- The Washington Times - Monday, October 16, 2000

HAVRE DE GRACE, Md. If you thought a lawn mower was only for cutting grass, think again.

A group of die-hard racing fans showed what a souped-up lawn mower can do at yesterday's sixth annual STA-BIL East Coast Regional and 18th annual Race Car Extravaganza.

The 30-some racers came to Harford County Airpark from as far away as Illinois and Wisconsin to don their helmets and bright-colored racing suits and crank their mowers before taking off on five-lap runs, sometimes traveling downward of 8 mph on a grassy racetrack.

"It's the NASCAR of lawn-mower racing," said Art Elsner, a retired local businessman who co-sponsored yesterday's race with the Level County Volunteer Fire Department, which raised money for burn victims.

"It's all about macho competition," Mr. Elsner said. "Everybody likes to race. Guys would race turtles if they could get on top of them."

Meanwhile, hundreds of lawn-mower racing enthusiasts cheered on their favorites as they relaxed on lawn chairs or bleachers at what they call the fastest-growing motor sport in the country.

Lawn-mower racing has become so popular that it warrants a 23-date national circuit and a 13-week series next summer on the Speed Vision Network.

There's no prize money, only trophies and bragging rights.

"It's fun and you get an adrenaline rush just by going fast," said Brian Burdette, a fish farmer from Aberdeen, Md., who competed in three of the six races yesterday against his older brother, Mike.

"You can have a lot of fun with it," Mr. Burdette said.

The races consist of several parts. First, all drivers remove the blades from their mowers so the grass is safe. Then, they choose a class in which to compete: Stock, IMOW (International Mower of Weeds), Prepared or Factory Experimental (FX).

Stock mowers are unaltered one-seat riding mowers that top out at speeds of 8 to 10 mph. FX mowers are juiced up through gearing changes and camshaft alterations and sometimes reach speeds in excess of 60 mph. IMOW mowers can travel up to 20 mph.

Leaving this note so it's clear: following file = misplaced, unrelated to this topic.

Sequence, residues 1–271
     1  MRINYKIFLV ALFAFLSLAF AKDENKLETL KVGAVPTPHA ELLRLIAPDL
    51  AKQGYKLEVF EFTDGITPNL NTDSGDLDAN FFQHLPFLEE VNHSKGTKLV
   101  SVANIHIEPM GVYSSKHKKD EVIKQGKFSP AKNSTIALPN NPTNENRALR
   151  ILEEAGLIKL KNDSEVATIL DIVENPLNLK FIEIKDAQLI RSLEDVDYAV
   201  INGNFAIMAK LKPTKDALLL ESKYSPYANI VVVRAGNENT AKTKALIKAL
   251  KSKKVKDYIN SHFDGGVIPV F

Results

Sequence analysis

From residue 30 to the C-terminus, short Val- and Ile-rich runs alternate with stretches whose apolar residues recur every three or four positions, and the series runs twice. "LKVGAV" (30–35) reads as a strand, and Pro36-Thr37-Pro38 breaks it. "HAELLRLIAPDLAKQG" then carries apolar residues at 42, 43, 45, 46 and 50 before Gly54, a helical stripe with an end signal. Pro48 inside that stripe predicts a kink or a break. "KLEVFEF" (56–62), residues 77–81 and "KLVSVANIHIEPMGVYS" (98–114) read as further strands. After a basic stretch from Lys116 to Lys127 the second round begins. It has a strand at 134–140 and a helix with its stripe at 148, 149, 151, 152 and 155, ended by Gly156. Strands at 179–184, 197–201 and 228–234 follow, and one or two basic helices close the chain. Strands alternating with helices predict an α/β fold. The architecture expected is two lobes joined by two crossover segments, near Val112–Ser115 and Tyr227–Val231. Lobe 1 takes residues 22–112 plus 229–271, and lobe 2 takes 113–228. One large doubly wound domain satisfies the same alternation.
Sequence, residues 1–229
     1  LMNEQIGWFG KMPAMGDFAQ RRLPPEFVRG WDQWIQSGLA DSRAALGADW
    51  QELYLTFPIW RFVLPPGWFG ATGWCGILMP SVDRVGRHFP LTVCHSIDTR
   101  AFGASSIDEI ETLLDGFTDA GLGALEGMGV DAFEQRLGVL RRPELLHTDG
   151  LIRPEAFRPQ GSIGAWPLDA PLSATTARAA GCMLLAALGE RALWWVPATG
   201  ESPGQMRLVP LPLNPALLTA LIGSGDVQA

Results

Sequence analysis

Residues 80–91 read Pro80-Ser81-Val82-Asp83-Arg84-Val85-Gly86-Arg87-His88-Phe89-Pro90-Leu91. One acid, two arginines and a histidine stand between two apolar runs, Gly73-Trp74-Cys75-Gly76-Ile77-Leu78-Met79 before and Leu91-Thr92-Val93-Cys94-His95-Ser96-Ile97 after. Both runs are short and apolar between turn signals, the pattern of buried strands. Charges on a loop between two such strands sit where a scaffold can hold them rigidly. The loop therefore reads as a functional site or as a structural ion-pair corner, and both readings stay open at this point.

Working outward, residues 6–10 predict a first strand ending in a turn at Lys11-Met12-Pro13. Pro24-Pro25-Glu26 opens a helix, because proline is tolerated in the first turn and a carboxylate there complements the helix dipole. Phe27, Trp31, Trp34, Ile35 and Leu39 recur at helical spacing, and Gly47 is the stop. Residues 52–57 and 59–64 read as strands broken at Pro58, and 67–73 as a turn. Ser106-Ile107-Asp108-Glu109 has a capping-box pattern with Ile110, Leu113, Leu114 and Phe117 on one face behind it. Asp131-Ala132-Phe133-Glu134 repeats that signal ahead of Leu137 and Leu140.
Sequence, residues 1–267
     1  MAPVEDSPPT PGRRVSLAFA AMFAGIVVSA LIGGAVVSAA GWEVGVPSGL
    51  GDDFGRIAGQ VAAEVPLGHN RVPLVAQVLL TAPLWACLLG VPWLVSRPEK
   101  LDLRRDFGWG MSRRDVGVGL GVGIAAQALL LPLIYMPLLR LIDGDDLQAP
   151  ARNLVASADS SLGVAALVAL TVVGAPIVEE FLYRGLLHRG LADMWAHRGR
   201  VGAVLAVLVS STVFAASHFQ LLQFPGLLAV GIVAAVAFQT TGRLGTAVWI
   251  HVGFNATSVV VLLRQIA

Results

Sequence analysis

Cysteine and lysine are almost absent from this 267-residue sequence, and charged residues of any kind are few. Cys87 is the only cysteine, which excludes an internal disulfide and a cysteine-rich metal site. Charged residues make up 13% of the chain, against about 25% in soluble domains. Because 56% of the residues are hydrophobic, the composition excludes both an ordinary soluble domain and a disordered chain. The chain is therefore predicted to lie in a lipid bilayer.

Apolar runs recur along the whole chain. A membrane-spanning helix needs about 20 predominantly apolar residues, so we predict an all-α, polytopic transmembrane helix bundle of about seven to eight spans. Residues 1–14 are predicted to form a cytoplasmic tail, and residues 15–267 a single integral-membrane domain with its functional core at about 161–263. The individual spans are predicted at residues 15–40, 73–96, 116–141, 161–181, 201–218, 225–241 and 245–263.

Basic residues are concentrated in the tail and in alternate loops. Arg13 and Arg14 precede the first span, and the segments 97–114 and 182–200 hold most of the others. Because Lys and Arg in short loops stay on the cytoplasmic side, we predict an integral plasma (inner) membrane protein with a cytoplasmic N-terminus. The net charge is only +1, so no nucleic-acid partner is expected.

The racetracks, which are generally one-eighth to one-tenth of a mile long, are laid out like road courses, with two straightaways and several twists and turns.

The starts are LeMans style, with racers sprinting to their machines before taking off.

For most of the competitors, lawn-mower racing is an affordable way to compete in the often expensive world of motor sports.

"It's a good inexpensive family fun with a great sense of humor," said Bruce Kaufman, president of the U.S. Lawn Mower Racing Association. "We Americans love our lawns and we like to do things that are cheap. And this is it. We keep it fun but serious."

Just like any other sport, competitors spend hours planning their strategies on how to best outmaneuver opponents on the grassy track and keeping their mowers in tiptop shape.

"You try to start out front and you try not to run as fast as [the mower] can go," Mike Burdette, also an Aberdeen fish farmer, said after beating brother Brian to finish in one of the races yesterday. "Winning feels better than losing."

Brian Burdette has no hard feelings. "We were running one, two but then I blew a part out," he said. "It's a good major win for Mike. Anytime I can't win, I'd rather see him win."

"It's really all about the people and the excitement of beating the guys in the group," racer Mary Lou Boris, of Clarksville, Md., said after winning yesterday's Stock Class race.

"I've been threatened by Art [Elsner] for the last six months and it feels terrific knowing that I beat his clock," Mrs. Boris joked as she proudly held her trophy.

Meanwhile, Mr. Elsner quickly tried to come up with excuses as to why he finished second to Mrs. Boris, a competitor he says he has been gunning for several years.

"I should have never told her that I was going to beat her," he joked as he relaxed after the race in his bright-red jumpsuit. "I guess that's what I get for doing that."

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